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By Jazlyn Andrews
“That girl doesn’t have an ass.” The words hurled through the thick, humid air as if lobbed by a knife-thrower and struck me for reasons I couldn’t quite place at the time, reasons deeply rooted in my struggle to navigate my identity and subjectivity. My journey of self-definition has been a long and painful one that is nowhere near finished, fraught with fear of not belonging and comments made by peers negating my existence, dissecting me by claiming that I “don’t count,” their focus on my parts rather than my whole.
I was never “Black enough” to sing, “Asian enough” to get As in math classes, or “White enough” to be shielded from accusations of acceptance based on affirmative action. Hence, I find myself challenging controlling images but relying on them to validate my identity. My story is not unique considering the many mixed race women who have asked themselves time and time again: “Am I __________ enough?” or who have been on the receiving end of “What are you?” too many times to count. In fact, these experiences are so common—yet so under-analyzed—that Justin Simien created the Twitter hashtag #DearWhitePeople in order to examine the intricacies of being Black in predominantly White spaces.
Through an examination of the 2014 film Dear White People based loosely on Simien’s experiences at Chapman University, I examine how the Tragic Mulatta construction makes it acceptable for mixed race women to become sites for White men to explore their fears of, and fascinations with, an eroticized Other. Such a practice perpetuates an investment in a black-white binary that essentializes mixed race people to “either/or” rather than “both/and,” which maintains the property value of, and investment in, Whiteness. Importantly, the construction of, and reliance upon, a black-white binary erases mixed-race identities and functions to mitigate the threat we pose to blending the color line.
In order to maintain the value of Whiteness, it is imperative to operate within a dichotomy that holds Blackness in opposition to an ethereal Whiteness. As argued by Cheryl Harris (1993/1996), the distinction between Whites and Blacks positioned Whiteness as a receipt of purchase over one’s identity. Only by proving “pure” Whiteness through family lineage could one make claims to the values attached to alabaster skin, “because allowing physical attributes, social acceptance, or self-identification to determine whiteness would diminish its value and destroy the underlying presumption of exclusivity” (Harris 284). In order to maintain the value of whiteness, lawmakers had to clearly demarcate the boundary of whiteness through legislation that defined race as “blood-borne.” For example, the one-drop rule, which categorizes anyone with traces of “Black blood” as Black. Such laws functioned so that “even Blacks who did not look Black were kept in their place,” making it much harder for mixed race people to transgress the exclusionary bounds of Whiteness through passing (Cottrol and Diamond qtd. in Harris 284). The one-drop rule also functioned to regulate interracial relations, warning that any mixed race offspring would not be able to escape their Black roots no matter how many comb tests they passed.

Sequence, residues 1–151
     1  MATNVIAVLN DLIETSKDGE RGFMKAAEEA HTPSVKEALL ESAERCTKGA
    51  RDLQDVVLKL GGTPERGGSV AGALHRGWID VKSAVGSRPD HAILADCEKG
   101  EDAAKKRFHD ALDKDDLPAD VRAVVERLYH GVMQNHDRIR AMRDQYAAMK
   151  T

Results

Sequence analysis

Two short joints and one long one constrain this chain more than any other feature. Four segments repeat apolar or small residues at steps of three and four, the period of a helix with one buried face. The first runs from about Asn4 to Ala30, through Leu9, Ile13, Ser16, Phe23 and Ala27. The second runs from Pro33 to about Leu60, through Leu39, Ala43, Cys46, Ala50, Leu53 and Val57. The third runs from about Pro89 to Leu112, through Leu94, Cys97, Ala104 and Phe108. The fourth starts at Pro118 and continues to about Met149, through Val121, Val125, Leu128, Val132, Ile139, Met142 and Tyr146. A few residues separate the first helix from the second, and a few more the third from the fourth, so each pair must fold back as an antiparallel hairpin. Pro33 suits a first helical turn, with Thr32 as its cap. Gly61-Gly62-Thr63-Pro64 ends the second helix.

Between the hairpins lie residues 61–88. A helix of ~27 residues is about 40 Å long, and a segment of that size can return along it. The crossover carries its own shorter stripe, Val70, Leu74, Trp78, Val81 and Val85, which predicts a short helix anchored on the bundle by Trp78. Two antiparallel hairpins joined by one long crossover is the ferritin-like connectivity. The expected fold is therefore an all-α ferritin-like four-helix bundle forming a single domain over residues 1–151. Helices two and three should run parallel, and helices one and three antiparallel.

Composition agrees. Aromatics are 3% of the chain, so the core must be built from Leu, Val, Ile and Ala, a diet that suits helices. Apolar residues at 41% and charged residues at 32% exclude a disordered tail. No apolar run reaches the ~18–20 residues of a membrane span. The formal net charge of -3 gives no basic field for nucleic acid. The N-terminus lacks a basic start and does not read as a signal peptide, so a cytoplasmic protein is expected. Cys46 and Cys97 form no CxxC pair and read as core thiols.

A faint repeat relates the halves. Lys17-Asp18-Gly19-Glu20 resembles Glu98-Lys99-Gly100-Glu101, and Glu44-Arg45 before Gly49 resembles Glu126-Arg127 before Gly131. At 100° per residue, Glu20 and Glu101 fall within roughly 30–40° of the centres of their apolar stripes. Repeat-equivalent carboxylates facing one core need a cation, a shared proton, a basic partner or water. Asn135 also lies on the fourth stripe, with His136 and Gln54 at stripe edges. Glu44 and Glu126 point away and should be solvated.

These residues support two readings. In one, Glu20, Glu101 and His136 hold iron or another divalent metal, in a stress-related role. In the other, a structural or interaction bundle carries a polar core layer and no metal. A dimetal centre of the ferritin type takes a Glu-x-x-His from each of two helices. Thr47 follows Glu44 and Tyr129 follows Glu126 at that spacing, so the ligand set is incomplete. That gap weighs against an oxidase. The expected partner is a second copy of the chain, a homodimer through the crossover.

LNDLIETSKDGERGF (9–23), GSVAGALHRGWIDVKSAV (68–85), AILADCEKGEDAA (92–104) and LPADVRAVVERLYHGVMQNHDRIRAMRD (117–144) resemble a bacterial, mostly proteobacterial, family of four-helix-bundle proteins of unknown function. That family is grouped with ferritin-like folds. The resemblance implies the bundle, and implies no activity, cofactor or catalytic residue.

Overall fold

Furthermore, controlling images of the Tragic Mulatta and the Jezebel serve to impede miscegenation by pathologizing mixed race people as violent, sexually degenerate, and deeply disturbed by the internal tensions pulling from either side of a fixed Black-White binary. While mixed-race women’s fair skin carries with it notions associated with White femininity, her “tainted” blood carries within her veins a lascivious sexuality that rendered her “chastity a commodity […] valued precisely because it is presumed impossible to violate” (Zackodnik 2004: 15). Images of mixed race women as exotic temptresses silences the violence enacted upon them and, instead, places them under suspicion; they create a narrative in which victim-blaming of mixed race women is justified. Claims of sexual assault are easily swept under the rug because mixed race women are presumed to be sexually available. Dominant constructions of mixed race women’s sexuality as both threatening and tempting dehumanizes them to an exotic fetish.
Not only did Whiteness allow for claims of self-definition, it also made claims over Black women and their bodies were exploited for the reproduction of greater slave labor. The 1662 Virginia colonial assembly dictated, “children got by an Englishman upon a Negro woman shall be bond or free according to the condition of the mother” (Higginbotham qtd. in Harris 279). The Jezebel trope was used to justify the rape of Black women slaves by White masters and it continues to inform constructions of mixed race women as sexually deviant, yet desirable.
By constructing the Jezebel as a “wanton, libidinous black woman whose easy ways excused white men’s abuse of their slaves as sexual ‘partners’ and bearers of mulatto offspring,” Whites were able to justify both the rape of Black women and the disownment of their consequent children without concern (Austin 1989/2003: 305). Like her mother, the Tragic Mulatta stands in opposition to the virginal, ethereal, and pure White feminine sexuality that defined perceptions of ideal womanhood. Thought to “prey upon [the men of] the pure-blood native race” and imagined as “the chief sinners” among Black Americans, mixed race women’s sexuality was considered even more dangerous and deceptive than that of the Jezebel (Reuter in Zackodnik 135). The Tragic Mulatta trope, then, is “deployed to ‘discipline’ white women” and used “against their ‘non-model’ counterparts, African Americans” (Cho 1997/2003: 351). The figure of the Tragic Mulatta simultaneously embodies both desirable and denigrated sexualities, and thus is an image flexible enough to be used as a tool of control over both White and Black women and concrete enough to be taken as “truth.” She has been constructed as needing to choose a side, to wear a mask of Blackness or Whiteness at any given moment, but is never allowed to show the ambivalence that resides inside her.